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How French Chef Breathes Life Into Belarusian Countryside

In 2014 Boris Boignard, a French by birth, married a woman from Vitebsk, bought two country houses in a small village next to Novalukoml, and moved to Belarus for good.

Four years later I met him at Sprava festival, selling exquisite French treats from his mobile restaurant, a holey house on wheels with a giant snail stuck to the roof, clearly the perpetrator of havoc. “Bon Appétit!”, said the sign.

franch chef belarusian countryside village life

Morning brioche, tiramisu, tarte Tatin, made from apples, and stuffed snails, gathered and preserved by Boris personally, left me hungry for more. The festival was over, and I promised myself to find the miraculous chef from Belarusian countryside.

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“I came here for the first time in August 2013, and loved Belarus immediately, because of its forests, lakes, and open spaces. I love nature and calm; for me, who is very much into hiking, fishing, cycling and especially the cold, Belarus seemed ideal!” explains Boris.

New life in Belarus

Upon his arrival in Strazhavichy, Boris set about renovating the houses. While his wife Oksana is away in Vitebsk, where she works as an engineer, he takes care of their vegetable garden and livestock: ducks, chickens, and two goats.

franch chef belarusian countryside village life

Boris heartily speaks of his village life.

“I am very fond of neighbors and the village people in general. I help people whenever they need anything. And of course I buy products from local villagers, such as milk and eggs, cream, cheese.

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For me it’s better than buying in a store. Also, that makes people happy and gives them work. By the way, the products that I used for the festival this year come from the village as well!”

And it was truly delicious. Yum.

The best country for cycling

Ten years in cycling business, both as a salesman and mechanic, couldn’t leave Boris untouched, and now cycling is one of his passions.

franch chef belarusian countryside village life

“In France, I did a lot of cycling, and participated in competitions. I once crossed France by bike in 13 days, by small roads and mountains. So when I came to Belarus, I brought two bikes, including a special one to ride on the snow, ice and sand.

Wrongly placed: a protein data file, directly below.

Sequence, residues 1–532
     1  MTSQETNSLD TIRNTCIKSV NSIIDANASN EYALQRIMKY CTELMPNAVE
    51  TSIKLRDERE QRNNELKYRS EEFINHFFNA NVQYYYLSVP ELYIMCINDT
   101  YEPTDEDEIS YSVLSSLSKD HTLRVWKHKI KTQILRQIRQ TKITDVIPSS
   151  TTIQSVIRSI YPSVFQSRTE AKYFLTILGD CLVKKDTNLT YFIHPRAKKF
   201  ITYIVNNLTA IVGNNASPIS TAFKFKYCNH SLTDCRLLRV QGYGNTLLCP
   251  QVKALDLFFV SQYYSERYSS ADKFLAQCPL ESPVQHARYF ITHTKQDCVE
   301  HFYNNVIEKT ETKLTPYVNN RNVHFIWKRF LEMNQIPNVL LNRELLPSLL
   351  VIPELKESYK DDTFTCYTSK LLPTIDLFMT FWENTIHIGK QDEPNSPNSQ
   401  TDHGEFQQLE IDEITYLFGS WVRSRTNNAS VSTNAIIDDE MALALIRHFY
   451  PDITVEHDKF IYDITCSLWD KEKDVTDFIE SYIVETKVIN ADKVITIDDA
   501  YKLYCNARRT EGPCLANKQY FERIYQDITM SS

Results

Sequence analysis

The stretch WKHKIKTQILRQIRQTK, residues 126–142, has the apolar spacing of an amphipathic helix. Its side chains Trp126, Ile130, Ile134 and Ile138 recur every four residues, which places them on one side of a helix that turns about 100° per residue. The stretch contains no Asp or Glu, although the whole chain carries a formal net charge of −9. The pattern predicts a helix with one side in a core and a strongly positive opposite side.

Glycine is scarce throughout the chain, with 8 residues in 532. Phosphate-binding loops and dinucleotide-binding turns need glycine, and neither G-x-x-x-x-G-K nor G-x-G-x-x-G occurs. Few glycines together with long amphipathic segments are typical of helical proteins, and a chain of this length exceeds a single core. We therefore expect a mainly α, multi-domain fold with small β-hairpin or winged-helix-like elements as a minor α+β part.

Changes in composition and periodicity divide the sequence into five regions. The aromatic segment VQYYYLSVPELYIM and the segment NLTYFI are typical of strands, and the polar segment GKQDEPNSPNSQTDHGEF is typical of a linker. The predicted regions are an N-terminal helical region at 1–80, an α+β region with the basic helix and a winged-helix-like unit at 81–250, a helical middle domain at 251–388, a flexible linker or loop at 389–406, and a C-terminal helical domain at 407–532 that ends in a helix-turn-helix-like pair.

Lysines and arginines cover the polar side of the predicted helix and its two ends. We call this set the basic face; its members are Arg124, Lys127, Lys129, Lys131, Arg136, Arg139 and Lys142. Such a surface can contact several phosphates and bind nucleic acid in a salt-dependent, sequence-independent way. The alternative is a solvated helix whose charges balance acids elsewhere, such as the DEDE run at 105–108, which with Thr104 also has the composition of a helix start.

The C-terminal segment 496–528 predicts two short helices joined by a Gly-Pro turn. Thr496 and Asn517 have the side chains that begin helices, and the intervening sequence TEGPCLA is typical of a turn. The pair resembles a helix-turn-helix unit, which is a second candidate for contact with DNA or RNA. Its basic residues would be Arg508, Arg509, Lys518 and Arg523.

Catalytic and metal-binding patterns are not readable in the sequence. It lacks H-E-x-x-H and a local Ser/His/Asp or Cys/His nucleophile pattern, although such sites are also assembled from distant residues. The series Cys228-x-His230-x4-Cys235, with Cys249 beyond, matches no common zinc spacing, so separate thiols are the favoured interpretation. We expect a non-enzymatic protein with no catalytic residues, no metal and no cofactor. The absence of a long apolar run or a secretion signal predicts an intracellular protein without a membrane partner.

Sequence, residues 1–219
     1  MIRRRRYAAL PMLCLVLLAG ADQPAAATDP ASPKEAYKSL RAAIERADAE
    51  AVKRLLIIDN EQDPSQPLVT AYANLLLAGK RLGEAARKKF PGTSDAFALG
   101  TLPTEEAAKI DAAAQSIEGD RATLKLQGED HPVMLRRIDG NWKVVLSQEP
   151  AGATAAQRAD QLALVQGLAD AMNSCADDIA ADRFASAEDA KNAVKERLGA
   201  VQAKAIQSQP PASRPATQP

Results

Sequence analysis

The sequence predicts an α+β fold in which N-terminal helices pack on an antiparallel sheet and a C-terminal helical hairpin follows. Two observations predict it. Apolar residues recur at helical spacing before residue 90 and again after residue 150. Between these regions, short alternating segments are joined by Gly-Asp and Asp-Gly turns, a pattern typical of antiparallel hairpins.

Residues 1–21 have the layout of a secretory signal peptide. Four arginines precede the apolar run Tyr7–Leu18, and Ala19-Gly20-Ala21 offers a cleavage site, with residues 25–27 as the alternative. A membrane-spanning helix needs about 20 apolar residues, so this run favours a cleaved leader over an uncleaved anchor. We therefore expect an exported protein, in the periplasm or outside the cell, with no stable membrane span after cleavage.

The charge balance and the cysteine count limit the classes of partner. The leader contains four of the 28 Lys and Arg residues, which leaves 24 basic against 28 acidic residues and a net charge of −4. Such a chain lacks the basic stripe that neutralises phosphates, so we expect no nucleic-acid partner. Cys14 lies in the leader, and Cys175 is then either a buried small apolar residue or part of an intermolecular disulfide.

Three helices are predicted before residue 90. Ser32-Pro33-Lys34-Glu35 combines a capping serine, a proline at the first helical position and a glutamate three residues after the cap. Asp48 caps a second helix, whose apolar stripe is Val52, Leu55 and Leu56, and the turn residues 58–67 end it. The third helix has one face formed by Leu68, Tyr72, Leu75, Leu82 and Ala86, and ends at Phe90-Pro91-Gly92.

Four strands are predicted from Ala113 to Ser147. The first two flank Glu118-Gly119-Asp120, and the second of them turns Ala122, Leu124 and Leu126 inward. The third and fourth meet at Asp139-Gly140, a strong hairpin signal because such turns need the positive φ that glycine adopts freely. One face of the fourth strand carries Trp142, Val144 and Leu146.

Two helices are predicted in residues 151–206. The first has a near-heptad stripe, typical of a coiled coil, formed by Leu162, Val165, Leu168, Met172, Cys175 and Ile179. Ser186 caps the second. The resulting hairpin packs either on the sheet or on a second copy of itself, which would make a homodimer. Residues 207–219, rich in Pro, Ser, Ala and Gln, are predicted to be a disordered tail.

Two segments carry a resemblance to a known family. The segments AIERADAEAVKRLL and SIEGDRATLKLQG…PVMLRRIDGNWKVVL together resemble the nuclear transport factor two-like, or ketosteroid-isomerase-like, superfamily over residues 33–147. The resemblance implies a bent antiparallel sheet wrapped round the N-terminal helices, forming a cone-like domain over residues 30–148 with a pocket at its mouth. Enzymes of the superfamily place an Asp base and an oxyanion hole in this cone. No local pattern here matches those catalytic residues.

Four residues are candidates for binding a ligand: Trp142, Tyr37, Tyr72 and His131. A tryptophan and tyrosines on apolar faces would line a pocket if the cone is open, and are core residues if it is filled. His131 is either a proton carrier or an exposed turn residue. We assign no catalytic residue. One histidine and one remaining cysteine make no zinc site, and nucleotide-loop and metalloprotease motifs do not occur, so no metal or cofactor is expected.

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When I discovered the cold weather in Belarus, I went cycling through the snow and on the frozen lakes… it was a superb discovery! Amazing!”

franch chef belarusian countryside village life

There are three big lakes around Strazhavichy, it makes more than 80km to cycle around them all, and Boris couldn’t let the opportunity slip. It was an amazing experience, he states.

“In February 2016 I took part in a bike race in Lepel, 80km, and finished first! It was a happy day!”

He goes mushrooming on bike, keeping a sharp eye for morels in particular, and often spots wild animals, such as foxes, wolves, and elks.

Snails and a new life twist

The houses are located at the edge of small lakes, with many apple trees. As it rains profoundly in spring and summer, Boris soon discovered a treasure trove of snails.

franch chef belarusian countryside village life

In two hours he can collect four buckets of snails no further than 150 metres from his house.

“I started to pick and cook snails. Then I offered them to local villagers and friends. It made a sensation, and a reporter from a nearby town Chasniky soon came to interview me.”

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News started to spread and in 2017 Boris was invited to participate in Sprava festival.

I agreed immediately, because for me helping others discover French cuisine is a great honor!”

Having gained popularity for his snail dishes and his pastries, Boris was invited to teach cooking classes in Minsk.

This year he had several requests to work in cafes in Minsk and Vitebsk, and, finally, signed a contract with a restaurant in Vitebsk where he now works three days a week.

Advice to foreigners 

“A foreigner who decides to move to Belarus must like the cold and the heat. But also love nature and the great outdoors!” thinks Boris.

franch chef belarusian countryside village life

If you come in winter, he adds, sauna should be a must-do, combined with diving into an icy lake afterwards.

“This is magic!” says Boris.


Text by Alesia Ivankova. Photos courtesy of Boris Boignard.